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The past two decades have seen an increasing number of virulent infectious diseases in natural populations and managed landscapes. In both animals and plants, an unprecedented number of fungal and fungal-like diseases have recently caused some of the most severe die-offs and extinctions ever witnessed in wild species, and are jeopardizing food security.(More)
Host population thresholds for the invasion or persistence of infectious disease are core concepts of disease ecology and underlie disease control policies based on culling and vaccination. However, empirical evidence for these thresholds in wildlife populations has been sparse, although recent studies have begun to address this gap. Here, we review the(More)
We review the literature on spatial host-parasitoid and predator-prey models. Dispersal on its own is not stabilizing and can destabilize a stable local equilibrium. We identify three mechanisms whereby limited dispersal of hosts and parasitoids combined with other features, such as spatial and temporal heterogeneity, can promote increased persistence and(More)
BACKGROUND Rescuing amphibian diversity is an achievable conservation challenge. Disease mitigation is one essential component of population management. Here we assess existing disease mitigation strategies, some in early experimental stages, which focus on the globally emerging chytrid fungus Batrachochytrium dendrobatidis. We discuss the precedent for(More)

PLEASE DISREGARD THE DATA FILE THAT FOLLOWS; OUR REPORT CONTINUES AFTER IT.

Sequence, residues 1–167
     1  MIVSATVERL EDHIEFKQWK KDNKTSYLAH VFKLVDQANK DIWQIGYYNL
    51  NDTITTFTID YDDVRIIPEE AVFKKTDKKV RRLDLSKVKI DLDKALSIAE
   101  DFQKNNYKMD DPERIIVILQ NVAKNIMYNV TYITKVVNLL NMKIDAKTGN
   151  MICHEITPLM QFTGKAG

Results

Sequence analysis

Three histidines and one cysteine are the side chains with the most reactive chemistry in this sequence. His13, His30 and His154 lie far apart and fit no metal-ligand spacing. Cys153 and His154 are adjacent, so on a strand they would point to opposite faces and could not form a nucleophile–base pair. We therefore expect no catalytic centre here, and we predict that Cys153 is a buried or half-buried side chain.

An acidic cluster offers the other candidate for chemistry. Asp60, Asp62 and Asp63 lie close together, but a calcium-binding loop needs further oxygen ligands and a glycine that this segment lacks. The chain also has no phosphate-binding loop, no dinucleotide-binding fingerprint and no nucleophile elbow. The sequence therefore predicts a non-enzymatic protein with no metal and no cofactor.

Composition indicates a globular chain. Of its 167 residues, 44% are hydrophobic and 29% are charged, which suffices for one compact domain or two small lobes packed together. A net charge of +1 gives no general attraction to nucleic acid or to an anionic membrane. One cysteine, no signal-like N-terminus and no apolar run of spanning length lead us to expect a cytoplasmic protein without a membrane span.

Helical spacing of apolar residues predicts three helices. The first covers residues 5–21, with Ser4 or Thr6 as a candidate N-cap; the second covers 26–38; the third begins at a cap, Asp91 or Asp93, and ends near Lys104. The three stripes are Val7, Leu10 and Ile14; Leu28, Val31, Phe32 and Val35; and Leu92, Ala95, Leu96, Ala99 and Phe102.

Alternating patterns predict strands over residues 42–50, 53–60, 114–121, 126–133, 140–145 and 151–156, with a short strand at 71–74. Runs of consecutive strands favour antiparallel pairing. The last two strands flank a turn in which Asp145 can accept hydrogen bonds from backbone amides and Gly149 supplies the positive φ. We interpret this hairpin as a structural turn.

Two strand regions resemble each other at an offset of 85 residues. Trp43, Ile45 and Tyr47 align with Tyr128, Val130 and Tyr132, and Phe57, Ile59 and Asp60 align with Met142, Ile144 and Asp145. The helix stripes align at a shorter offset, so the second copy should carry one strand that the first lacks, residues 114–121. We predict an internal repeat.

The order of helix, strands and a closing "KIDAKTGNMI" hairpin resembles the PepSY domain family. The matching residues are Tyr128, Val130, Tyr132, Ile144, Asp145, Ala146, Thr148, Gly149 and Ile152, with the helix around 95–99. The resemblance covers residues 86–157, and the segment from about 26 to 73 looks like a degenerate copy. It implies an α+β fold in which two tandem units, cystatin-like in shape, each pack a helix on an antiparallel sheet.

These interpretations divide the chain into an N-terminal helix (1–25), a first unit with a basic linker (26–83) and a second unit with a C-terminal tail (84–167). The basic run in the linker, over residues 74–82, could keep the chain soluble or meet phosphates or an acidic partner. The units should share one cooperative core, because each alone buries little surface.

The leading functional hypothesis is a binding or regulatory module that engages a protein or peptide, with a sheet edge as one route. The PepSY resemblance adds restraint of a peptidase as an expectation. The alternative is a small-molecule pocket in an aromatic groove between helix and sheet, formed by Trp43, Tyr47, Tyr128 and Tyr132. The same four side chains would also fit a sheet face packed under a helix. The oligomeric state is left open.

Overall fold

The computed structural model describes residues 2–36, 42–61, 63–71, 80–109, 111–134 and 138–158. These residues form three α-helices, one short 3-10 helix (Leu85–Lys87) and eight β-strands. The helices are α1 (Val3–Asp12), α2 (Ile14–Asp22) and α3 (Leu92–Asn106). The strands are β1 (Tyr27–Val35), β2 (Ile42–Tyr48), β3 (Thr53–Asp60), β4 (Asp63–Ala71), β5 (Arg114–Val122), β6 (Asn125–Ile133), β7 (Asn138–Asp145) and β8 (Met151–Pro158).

Understanding the evolutionary history of microbial pathogens is critical for mitigating the impacts of emerging infectious diseases on economically and ecologically important host species. We used a genome resequencing approach to resolve the evolutionary history of an important microbial pathogen, the chytrid Batrachochytrium dendrobatidis (Bd), which has(More)
Understanding spatial population dynamics is fundamental for many questions in ecology and conservation. Many theoretical mechanisms have been proposed whereby spatial structure can promote population persistence, in particular for exploiter-victim systems (host-parasite/pathogen, predator-prey) whose interactions are inherently oscillatory and therefore(More)
Most species live in species-rich food webs; yet, for a century, most mathematical models for population dynamics have included only one or two species. We ask whether such models are relevant to the real world. Two-species population models of an interacting consumer and resource collapse to one-species dynamics when recruitment to the resource population(More)
Chytridiomycosis, caused by the fungal pathogen Batrachochytrium dendrobatidis, is an emerging infectious disease implicated in declines of amphibian populations around the globe. An emerging infectious disease is one that has recently been discovered; has recently increased in incidence, geography, or host range; or is newly evolved. For any given outbreak(More)
Global amphibian decline by chytridiomycosis is a major environmental disaster that has been attributed to either recent fungal spread or environmental change that promotes disease. Here, we present a population genetic comparison of Batrachochytrium dendrobatidis isolates from an intensively studied region of frog decline, the Sierra Nevada of California.(More)